After bustling around, trying to find seats, we wound up sitting in the overflow section behind the altar. I was expecting many people to attend the beatification Mass, but the sight of so many people was incredible. Over 13,000 people crammed together to pray and celebrate the life and legacy of the first U.S.-born martyr to be beatified.
Throughout the beatification Mass, I kept thinking of how this event showed that the Church truly is universal and all-embracing. There were hundreds of priests and consecrated religious, and over 50 bishops. There were thousands of lay people. These individuals came to Oklahoma from all parts of the country – or from other countries, like Guatemala, where Blessed Stanley served and was martyred. The petitions during Mass also reflected the universality of the Catholic Church; they were read in English, Spanish, Vietnamese, Filipino, Comanche, Tz’utujil, and Korean.
As I looked out on the massive, diverse crowd of people, I thought of how Blessed Stanley Rother gave his life as he ministered in love to others. He didn’t stay in his comfortable little hometown in Oklahoma, but he went out to embrace and guide those in another country during a tumultuous time. He helped translate the New Testament into the language of the people there, Tz’utujil. He lived simply, joining in solidarity with the men and women around him. In his life and work, he sought to serve and love others.
There have been many times where I have found myself becoming self-absorbed. I’ll think that “my way” is the “best way” when doing different activities. Or, I’ll narrow my field of vision and think that a Catholic must look or act in one particular way. At times like these, I forget that Christ welcomes all people into His Church – those who have cultural differences from me, those who have backgrounds different from my own, and those who pray in ways which I do not. In his letter to the Corinthians, St. Paul writes: “As a body is one though it has many parts, and all the parts of the body, though many, are one body, so also Christ” (1 Cor 12:12). As I saw during the beatification Mass of Blessed Stanley Rother, there is a beautiful diversity among the members of the Catholic Church. Let us rejoice in the unique gifts that each person brings to the Church, and let us remember to embrace and welcome all people with the sacrificial love of Christ, so that we may all grow closer to Him together.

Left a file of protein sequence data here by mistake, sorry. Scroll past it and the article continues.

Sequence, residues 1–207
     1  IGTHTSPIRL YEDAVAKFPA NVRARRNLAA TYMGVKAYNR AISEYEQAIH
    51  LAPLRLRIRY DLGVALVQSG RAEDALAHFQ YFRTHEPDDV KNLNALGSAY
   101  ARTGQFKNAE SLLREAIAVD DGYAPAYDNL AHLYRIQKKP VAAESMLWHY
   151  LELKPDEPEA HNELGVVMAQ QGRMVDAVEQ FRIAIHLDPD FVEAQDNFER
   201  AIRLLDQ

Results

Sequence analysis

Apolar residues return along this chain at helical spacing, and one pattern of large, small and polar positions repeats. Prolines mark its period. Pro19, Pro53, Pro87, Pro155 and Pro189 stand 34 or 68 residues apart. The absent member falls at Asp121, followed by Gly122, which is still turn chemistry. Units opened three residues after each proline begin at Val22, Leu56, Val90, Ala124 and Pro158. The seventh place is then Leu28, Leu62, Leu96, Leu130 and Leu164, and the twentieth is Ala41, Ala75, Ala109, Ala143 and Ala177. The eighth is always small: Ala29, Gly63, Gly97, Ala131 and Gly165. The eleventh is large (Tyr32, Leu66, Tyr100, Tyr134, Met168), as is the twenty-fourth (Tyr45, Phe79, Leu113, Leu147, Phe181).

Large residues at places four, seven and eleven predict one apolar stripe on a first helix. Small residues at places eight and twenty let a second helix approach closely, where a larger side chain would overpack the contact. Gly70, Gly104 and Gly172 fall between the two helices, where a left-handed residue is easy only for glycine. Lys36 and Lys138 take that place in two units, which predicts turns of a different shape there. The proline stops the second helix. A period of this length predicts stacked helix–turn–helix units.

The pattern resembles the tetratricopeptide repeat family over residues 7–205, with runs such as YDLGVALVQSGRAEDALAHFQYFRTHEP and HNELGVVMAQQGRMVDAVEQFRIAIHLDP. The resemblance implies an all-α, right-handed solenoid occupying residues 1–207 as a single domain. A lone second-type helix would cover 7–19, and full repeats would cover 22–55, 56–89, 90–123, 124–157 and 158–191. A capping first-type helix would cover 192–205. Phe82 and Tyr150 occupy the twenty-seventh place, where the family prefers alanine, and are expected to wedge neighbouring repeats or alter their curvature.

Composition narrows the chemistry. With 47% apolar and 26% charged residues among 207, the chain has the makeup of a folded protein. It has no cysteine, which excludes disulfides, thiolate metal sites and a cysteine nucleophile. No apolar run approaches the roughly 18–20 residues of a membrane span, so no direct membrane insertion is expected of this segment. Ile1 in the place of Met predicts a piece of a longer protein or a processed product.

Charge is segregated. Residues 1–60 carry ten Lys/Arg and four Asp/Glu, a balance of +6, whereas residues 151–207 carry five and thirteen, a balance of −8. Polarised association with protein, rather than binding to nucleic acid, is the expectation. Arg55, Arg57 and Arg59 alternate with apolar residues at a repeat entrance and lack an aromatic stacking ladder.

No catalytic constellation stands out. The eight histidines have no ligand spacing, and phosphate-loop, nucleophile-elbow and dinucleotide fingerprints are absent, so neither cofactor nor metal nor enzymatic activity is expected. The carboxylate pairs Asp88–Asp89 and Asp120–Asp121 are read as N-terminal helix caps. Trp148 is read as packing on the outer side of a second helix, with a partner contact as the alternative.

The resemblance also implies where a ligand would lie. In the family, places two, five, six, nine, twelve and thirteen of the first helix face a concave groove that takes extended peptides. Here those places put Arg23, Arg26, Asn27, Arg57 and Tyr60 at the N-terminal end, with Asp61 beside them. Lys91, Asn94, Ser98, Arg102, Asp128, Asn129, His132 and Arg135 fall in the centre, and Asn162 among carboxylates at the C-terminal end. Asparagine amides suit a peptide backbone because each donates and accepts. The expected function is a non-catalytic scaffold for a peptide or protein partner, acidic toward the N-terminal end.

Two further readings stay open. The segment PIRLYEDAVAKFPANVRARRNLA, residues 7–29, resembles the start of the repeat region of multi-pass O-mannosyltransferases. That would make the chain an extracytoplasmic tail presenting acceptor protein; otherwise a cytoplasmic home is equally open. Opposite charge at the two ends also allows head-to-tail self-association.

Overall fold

Since watching Touch, my boyfriend has had a habit of reading number plates and, now that he’s Catholic, relating them to the faith. One day he was riding a bus when he noticed “MAS” on a car, and chuckled to himself, seeing it as a reminder to go to Mass. His seatmate asked what he was chuckling about, and after he explained, a little old lady piped up.
“Are you Catholic?”
“Yes,” he replied.
“This is for you,” she smiled, handing him a laminated cruciform prayer card.
The Orthodox in the Holy Land
While I was on a Lenten pilgrimage in the Holy Land early this year, my parish group stayed at the Saint Gabriel Hotel in Bethlehem. It was my childhood dream to visit the lands where Jesus walked, but now that I was there, I was constantly troubled by a deep regret from the past; I couldn’t put it out of my head, even though it was really stupid and futile.
At breakfast, I was wearing my Annunciation leggings from a hipster store in Melbourne. An Eastern Orthodox priest (probably Serbian) came up and gave me two holy cards: one featured an icon of Christ, and the other, Mary. He couldn’t speak English, but through those holy images, he communicated a world of meaning to me: though things might seem bleak and disordered, Our Lord and Our Lady are with us always, and so are our brothers in Christ, including our separated brethren. It was a warm dose of heavenly joy amidst grotty modern-day Bethlehem.
Some days later, at Jacob’s Well, after venerating all the icons in the Orthodox church, I followed my tour group to the bus. I waved goodbye to the portly Arab gentleman manning the book store, and he beckoned me back.